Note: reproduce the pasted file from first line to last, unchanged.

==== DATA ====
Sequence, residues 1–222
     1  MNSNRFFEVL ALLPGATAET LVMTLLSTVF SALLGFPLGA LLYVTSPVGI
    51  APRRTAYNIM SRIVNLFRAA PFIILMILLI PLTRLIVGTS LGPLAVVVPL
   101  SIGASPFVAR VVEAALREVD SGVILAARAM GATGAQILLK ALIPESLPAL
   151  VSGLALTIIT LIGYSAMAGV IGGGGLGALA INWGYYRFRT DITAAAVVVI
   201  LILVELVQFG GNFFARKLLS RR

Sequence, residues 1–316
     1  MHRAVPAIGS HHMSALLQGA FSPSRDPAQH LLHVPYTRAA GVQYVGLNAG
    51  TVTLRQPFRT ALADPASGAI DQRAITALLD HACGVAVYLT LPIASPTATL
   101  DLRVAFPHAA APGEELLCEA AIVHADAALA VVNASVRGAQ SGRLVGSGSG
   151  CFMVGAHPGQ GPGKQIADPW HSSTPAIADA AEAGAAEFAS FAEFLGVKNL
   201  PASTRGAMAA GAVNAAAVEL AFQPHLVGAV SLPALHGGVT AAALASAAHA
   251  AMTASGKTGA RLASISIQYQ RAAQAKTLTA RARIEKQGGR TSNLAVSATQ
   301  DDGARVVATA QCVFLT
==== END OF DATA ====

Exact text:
Sequence, residues 1–222
     1  MNSNRFFEVL ALLPGATAET LVMTLLSTVF SALLGFPLGA LLYVTSPVGI
    51  APRRTAYNIM SRIVNLFRAA PFIILMILLI PLTRLIVGTS LGPLAVVVPL
   101  SIGASPFVAR VVEAALREVD SGVILAARAM GATGAQILLK ALIPESLPAL
   151  VSGLALTIIT LIGYSAMAGV IGGGGLGALA INWGYYRFRT DITAAAVVVI
   201  LILVELVQFG GNFFARKLLS RR

Sequence, residues 1–316
     1  MHRAVPAIGS HHMSALLQGA FSPSRDPAQH LLHVPYTRAA GVQYVGLNAG
    51  TVTLRQPFRT ALADPASGAI DQRAITALLD HACGVAVYLT LPIASPTATL
   101  DLRVAFPHAA APGEELLCEA AIVHADAALA VVNASVRGAQ SGRLVGSGSG
   151  CFMVGAHPGQ GPGKQIADPW HSSTPAIADA AEAGAAEFAS FAEFLGVKNL
   201  PASTRGAMAA GAVNAAAVEL AFQPHLVGAV SLPALHGGVT AAALASAAHA
   251  AMTASGKTGA RLASISIQYQ RAAQAKTLTA RARIEKQGGR TSNLAVSATQ
   301  DDGARVVATA QCVFLT